The Hammer - 22
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© 2004 - Hansadutta das

The Hammer For Smashing Illusion

Shankaracharya's famous "Bhaja Govinda"


By Hansadutta das
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Text 22

Wearing clothes made from tattered rags found lying in the street, a yogi treads the path which goes beyond piety and impiety. Because his mind is absorbed in thoughts of the Supreme, he appears to be enjoying exactly like a child or a madman.

"Unless You Become Like Children . . ."

In this connection Shukadeva Goswami says:

When there are ample earthly flats to lie on, what is the necessity of cots and beds? When one can use his own arms, what is the necessity of a pillow? When one can use the palms of his hands, what is the necessity of varieties of utensils? When there is ample covering or the skins of trees, what is the necessity of clothing?

Are there no torn clothes lying on the common road? Do the trees, which exist for maintaining others, no longer give alms in charity? Do the rivers, being dried up, no longer supply water to the thirsty? Are the caves of the mountains now closed, or above all, does the Almighty Lord not protect the fully surrendered souls? Why, then, do the learned sages go to flatter those who are intoxicated by hard-earned wealth? (Srimad-Bhagavatam 2.2.4-5)

Thus being fixed, one must render service unto the Supersoul situated in one's own heart by His omnipotency. Because He is the Almighty Personality of Godhead, eternal and unlimited, He is the ultimate goal of life, and by worshipping Him, one can end the cause of the conditioned state of existence. (Srimad-Bhagavatam 2.2.6)

In these verses, the necessity of worshipping the Supreme Personality of Godhead is being stressed. In order to be able to worship the Supreme Personality of Godhead while in the conditioned state, we have to learn how to minimize our material activities. Material activities are those activities which are aimed at maintaining the temporary material body. The four material activities are eating, sleeping, defending and sex indulgence. Although everyone is required to eat, sleep, mate and defend himself, still it is advised that one should minimize his energy and intelligence in this direction. We should be satisfied with what we get by the grace of God and be satisfied with that which comes of its own accord.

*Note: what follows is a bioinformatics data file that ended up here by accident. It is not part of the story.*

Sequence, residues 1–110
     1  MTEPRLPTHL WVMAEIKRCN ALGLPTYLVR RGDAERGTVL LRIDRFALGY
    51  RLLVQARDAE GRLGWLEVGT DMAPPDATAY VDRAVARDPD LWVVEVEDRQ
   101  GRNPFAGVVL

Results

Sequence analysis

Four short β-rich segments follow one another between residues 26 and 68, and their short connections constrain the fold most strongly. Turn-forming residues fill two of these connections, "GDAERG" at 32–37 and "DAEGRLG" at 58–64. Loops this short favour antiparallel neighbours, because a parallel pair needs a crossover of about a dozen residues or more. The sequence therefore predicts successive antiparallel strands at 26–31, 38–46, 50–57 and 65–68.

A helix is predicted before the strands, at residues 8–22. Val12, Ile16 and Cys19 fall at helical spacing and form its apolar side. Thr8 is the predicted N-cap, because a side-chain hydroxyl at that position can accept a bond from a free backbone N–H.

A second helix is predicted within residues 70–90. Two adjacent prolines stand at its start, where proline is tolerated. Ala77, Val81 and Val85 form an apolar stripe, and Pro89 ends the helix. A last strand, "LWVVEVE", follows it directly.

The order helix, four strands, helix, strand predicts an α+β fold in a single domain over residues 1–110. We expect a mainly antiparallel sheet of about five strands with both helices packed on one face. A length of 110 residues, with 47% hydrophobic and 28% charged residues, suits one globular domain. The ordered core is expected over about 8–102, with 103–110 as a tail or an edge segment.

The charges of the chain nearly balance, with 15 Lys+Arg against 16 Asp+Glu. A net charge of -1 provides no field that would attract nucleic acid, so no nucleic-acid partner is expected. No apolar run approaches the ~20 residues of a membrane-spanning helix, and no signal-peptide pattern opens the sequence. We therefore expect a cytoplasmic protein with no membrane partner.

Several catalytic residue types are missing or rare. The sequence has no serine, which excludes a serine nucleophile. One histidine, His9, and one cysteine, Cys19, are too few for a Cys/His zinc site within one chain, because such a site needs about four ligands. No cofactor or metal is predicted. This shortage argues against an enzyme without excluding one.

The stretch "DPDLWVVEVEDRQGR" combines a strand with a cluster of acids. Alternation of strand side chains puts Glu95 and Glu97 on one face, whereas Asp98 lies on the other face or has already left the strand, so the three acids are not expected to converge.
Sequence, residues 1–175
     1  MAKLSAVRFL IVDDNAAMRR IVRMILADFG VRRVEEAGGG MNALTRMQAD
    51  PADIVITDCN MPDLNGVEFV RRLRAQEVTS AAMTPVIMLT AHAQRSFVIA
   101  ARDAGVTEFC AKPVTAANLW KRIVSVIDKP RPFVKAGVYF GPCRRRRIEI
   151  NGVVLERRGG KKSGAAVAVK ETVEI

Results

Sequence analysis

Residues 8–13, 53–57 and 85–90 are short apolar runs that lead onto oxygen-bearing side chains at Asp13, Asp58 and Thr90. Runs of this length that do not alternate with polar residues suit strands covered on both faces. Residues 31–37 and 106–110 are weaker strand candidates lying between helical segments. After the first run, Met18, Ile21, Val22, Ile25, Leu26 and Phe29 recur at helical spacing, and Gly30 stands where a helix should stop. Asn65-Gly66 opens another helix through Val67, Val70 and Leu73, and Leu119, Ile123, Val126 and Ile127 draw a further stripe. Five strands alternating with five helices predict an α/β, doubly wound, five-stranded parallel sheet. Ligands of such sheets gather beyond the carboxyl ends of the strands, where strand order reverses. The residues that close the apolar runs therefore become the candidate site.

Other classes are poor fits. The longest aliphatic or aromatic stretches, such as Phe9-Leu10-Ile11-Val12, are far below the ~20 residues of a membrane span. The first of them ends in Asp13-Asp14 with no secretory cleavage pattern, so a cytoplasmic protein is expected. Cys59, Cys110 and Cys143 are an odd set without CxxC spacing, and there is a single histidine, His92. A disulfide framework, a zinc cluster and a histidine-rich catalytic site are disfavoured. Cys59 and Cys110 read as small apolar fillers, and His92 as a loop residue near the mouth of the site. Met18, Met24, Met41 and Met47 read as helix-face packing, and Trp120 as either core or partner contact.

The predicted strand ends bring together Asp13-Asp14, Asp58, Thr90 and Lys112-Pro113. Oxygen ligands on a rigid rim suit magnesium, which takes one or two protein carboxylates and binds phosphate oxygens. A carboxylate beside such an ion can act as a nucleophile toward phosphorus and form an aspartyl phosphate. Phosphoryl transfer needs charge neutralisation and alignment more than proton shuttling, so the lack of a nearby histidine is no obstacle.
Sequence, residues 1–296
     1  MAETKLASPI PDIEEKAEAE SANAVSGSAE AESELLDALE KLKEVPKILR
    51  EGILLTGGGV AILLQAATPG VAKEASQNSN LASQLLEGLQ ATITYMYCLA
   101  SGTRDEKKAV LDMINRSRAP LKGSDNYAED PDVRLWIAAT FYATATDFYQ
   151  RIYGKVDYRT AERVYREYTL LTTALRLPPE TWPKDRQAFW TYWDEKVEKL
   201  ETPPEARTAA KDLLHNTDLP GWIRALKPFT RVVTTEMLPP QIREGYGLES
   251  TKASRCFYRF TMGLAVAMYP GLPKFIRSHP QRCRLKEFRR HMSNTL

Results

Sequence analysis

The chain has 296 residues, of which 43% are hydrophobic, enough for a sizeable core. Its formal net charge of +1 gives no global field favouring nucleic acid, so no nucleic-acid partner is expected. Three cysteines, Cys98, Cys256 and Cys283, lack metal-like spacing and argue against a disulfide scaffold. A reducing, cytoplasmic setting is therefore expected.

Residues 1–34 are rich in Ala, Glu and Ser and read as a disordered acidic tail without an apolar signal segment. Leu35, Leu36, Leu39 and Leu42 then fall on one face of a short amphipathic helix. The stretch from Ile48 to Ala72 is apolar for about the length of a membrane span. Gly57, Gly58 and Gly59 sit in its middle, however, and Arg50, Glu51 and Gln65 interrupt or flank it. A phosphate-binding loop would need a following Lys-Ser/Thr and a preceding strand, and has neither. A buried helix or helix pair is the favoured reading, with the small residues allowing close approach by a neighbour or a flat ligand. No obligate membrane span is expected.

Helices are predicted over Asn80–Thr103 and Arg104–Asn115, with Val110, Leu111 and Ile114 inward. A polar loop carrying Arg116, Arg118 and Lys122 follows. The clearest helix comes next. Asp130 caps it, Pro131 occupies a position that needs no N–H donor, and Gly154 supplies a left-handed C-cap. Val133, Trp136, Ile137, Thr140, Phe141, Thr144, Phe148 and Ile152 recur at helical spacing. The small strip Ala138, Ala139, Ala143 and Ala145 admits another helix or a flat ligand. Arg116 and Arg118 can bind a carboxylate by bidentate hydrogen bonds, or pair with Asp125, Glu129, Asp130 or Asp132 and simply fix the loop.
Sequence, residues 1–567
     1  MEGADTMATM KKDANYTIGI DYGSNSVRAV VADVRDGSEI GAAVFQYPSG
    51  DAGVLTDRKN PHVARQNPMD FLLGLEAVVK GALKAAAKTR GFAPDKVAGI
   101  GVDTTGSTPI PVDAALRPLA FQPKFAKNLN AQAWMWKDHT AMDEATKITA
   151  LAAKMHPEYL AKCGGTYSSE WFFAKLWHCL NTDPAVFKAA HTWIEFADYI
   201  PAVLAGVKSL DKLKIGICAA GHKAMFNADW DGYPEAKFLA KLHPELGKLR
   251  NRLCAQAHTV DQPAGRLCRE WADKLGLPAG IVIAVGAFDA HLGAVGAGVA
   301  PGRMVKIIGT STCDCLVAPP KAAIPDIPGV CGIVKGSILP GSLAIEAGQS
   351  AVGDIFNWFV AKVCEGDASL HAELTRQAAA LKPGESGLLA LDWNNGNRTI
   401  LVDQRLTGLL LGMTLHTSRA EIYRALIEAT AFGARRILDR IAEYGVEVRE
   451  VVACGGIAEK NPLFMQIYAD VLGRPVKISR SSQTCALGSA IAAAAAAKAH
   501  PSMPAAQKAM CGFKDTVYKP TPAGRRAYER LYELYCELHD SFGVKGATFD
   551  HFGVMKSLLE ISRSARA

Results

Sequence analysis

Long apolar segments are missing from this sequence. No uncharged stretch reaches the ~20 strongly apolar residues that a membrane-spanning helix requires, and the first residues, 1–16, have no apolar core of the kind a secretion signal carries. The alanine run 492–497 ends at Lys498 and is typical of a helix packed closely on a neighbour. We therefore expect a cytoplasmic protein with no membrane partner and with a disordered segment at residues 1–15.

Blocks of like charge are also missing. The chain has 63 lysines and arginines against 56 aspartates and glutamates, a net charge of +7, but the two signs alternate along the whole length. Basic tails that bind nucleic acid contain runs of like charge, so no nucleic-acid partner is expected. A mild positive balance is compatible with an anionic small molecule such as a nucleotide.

Don't Eat Too Much, Don't Eat Too Little

Formerly, the sadhus, rishis, sages and yogis simply sat down to practice meditation and depend on the mercy of the Lord for their food, shelter, clothing and whatever necessities there are for the maintenance of this body. They would not even go to beg. They were completely fixed and expected that the Supreme Lord, knowing their situation full well, would make the necessary arrangements to meet their material demands. Unless we adopt this course of action, we will not have any time for practicing spiritual life. We will not have any time to render devotional service. We only have so much energy, and we shall either use it to take care of this temporary material body, or we shall have to sacrifice material comforts and engage our time in serving Vishnu.